A. DisplayPort was created to be a universal replacement for separate PC display interfaces including LVDS, DVI and VGA. DisplayPort does include many features important in consumer electronics, including surround sound audio and content protection for Blu-ray disc support.
A. VESA has developed a DisplayPort Compliance and Interoperability program to assure that products carrying the DisplayPort certified logo interoperate successfully. Look for the “DisplayPort Certified Logo” on DisplayPort products.
A. DisplayPort and HDMI are very different technically, and each has a different product focus. HDMI is the de-facto connection in the home theatre and is used widely on HDTVs as an A/V interface. Some PCs and monitors include HDMI to enable connectivity with HDTVs and other consumer electronics gear. While DisplayPort has a rich consumer electronics feature set, it is expected to complement and not necessarily replace, HDMI. DisplayPort is focused on PC, monitor, and projector usages as a replacement for DVI and VGA where high performance and backwards and forwards compatibility over standard cables are valued. The DisplayPort connector is compatible with HDMI signals, enabling product interoperability. A dual-mode PC that implements both HDMI and DisplayPort only needs a simple DisplayPort cable adapter to make an HDMI connection to an HDTV.
A. DisplayPort 1.2 supports HDCP v1.3 ensuring that protected content such as Blu-ray Disc movies may be easily viewed over a DisplayPort connection that includes HDCP support.
A. Several factors are driving the need to replace DVI and VGA within the industry. VGA is becoming increasingly difficult to implement as silicon process geometries continue to shrink with the latest chipsets and GPUs, and it is anticipated that VGA will become an extra cost feature in the near future. VGA does not have content protection, and it’s usage may be curtailed due to digital content license agreements. The large VGA and DVI connectors with thumb screws are difficult and sometimes impossible to accommodate in the latest ultra-sleek notebook and netbook designs, and connecting and securing these cables to monitors is difficult in confined spaces. Both the DVI and VGA specifications are frozen, meaning no changes may be made to make enhancements necessary for their continued support in future products. In addition, Intel and AMD expect that analog display outputs such as Video Graphics Array (VGA) and the low voltage differential signaling technology (LVDS) panel interface would no longer be supported in their product lines by 2015.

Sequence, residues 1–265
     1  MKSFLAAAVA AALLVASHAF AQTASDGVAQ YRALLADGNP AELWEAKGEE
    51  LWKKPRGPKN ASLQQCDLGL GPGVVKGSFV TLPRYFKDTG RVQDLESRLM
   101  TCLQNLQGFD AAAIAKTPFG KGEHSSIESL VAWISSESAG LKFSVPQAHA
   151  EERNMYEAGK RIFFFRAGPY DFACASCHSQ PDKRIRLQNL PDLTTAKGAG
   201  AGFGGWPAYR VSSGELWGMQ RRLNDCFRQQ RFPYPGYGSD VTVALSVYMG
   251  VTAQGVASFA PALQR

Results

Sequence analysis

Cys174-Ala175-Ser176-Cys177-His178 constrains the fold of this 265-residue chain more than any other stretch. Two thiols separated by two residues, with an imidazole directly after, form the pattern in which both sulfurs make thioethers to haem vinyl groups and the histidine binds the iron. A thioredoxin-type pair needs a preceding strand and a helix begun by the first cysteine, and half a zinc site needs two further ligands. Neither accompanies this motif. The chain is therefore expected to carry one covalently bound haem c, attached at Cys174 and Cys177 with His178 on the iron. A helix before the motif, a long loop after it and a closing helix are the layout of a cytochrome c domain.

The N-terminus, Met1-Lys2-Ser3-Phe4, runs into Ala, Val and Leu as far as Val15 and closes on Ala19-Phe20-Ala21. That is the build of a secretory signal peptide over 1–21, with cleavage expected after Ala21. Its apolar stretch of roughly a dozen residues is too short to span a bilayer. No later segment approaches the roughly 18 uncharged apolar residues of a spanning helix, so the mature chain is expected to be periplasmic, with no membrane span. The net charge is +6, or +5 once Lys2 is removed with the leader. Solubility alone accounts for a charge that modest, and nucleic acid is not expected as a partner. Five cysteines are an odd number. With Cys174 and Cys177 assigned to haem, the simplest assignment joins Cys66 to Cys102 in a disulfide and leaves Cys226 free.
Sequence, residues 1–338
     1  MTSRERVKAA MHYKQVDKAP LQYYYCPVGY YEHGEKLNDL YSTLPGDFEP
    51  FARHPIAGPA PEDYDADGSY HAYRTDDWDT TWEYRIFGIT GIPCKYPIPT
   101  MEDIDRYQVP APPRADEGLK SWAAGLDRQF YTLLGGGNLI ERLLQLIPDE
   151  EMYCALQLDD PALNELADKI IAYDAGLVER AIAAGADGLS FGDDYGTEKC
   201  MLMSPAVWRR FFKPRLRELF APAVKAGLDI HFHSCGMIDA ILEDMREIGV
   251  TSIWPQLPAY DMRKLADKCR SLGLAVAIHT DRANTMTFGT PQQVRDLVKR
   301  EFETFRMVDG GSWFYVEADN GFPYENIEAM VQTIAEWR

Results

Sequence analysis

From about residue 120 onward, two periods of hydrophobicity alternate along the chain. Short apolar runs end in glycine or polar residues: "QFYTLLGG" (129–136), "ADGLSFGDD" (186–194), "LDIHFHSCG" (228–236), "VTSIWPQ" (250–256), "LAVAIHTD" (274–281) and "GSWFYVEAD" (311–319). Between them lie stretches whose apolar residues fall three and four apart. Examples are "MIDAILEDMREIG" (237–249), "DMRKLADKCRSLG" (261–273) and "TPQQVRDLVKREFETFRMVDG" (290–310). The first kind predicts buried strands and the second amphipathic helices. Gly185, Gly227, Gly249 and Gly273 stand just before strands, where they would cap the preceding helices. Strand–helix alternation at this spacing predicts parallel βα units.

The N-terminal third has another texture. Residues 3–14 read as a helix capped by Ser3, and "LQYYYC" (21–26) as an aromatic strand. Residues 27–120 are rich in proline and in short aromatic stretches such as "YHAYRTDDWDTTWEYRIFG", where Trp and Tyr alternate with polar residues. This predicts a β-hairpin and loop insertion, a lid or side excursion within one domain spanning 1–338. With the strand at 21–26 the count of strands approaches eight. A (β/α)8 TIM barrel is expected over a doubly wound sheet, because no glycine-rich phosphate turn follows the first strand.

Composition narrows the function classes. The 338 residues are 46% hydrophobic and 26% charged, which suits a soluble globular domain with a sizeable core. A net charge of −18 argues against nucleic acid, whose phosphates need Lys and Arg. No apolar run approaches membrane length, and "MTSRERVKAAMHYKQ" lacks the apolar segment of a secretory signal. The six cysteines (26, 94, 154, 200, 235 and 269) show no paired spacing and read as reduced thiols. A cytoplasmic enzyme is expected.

A. DisplayPort is the ideal replacement for legacy connectors since it supports the higher resolutions, refresh rates, and color depths found in monitors and the long distance performance and easy plug & play experience needed in projectors over standard cables. Since DisplayPort uses the latest low voltage technology, it is easily supported in the next generation silicon processes found in the latest chipsets, GPUs, and display controllers, and it is an extensible VESA standard. Many of DisplayPort’s unique benefits, such as ultra sleek direct drive monitor design and single cable multifunction monitor connectivity are not available with alternatives such as HDMI. Also, business and enterprise customers may not want to implement all of the consumer electronics features that are required in HDMI products. High resolution support and high performance are standard features with DisplayPort, whereas these are optional or premium features with other interfaces. DisplayPort is designed to meet the future needs of the PC industry while preserving connectivity with DVI, VGA, and HDMI.
A. DisplayPort simplifies the cable purchase experience by standardizing on performance. You no longer need to pay a premium to ensure that you have the right cable for your display application, or be uncertain as to whether your cable will work with your display. DisplayPort Certified cables are assured to deliver the highest resolutions, fastest refresh rates, and deepest color depths as needed by your monitor or projector. DisplayPort delivers the highest audio, display, and bi-directional communications performance in the industry without requiring consumers to buy special cables. With DisplayPort, high performance is standard.
A. DisplayPort’s high performance is important for enabling new digital display experiences. For example, DisplayPort can easily support high end monitors featuring Resolution up to 4K x 2K at 60 FPS and 24 bpp, Refresh rate up to 240 FPS for 1080p at 24 bpp, Color Depth up to 48 bpp, even at 2560 x 1600 at 60 FPS and Color Accuracy (provides in-band color profile data). In addition, DisplayPort enables long cable support, up to 15 meters, enabling a much anticipated easy plug and play digital experience with projectors. With DisplayPort, high performance is standard.
A. Yes, DisplayPort v1.2 includes protocol support for transmitting left and right eye display data. DisplayPort v1.2 enables Beyond Full HD Stereo support at 120Hz.
A. DisplayPort has many unique features that set it apart from other display interface standards. DisplayPort is designed specifically for low voltage implementation, has a unique bi-directional, high-data rate Auxiliary channel for sending commands and data between a monitor and a PC, features a micro-packet architecture that is capable of transmitting compressed as well as uncompressed display data, and features powered connectors providing up to 1.5W of power – all features unique to DisplayPort. DisplayPort also includes an optional latch on cable plugs, providing a secure connection to projectors and monitors, a necessary feature missing from HDMI.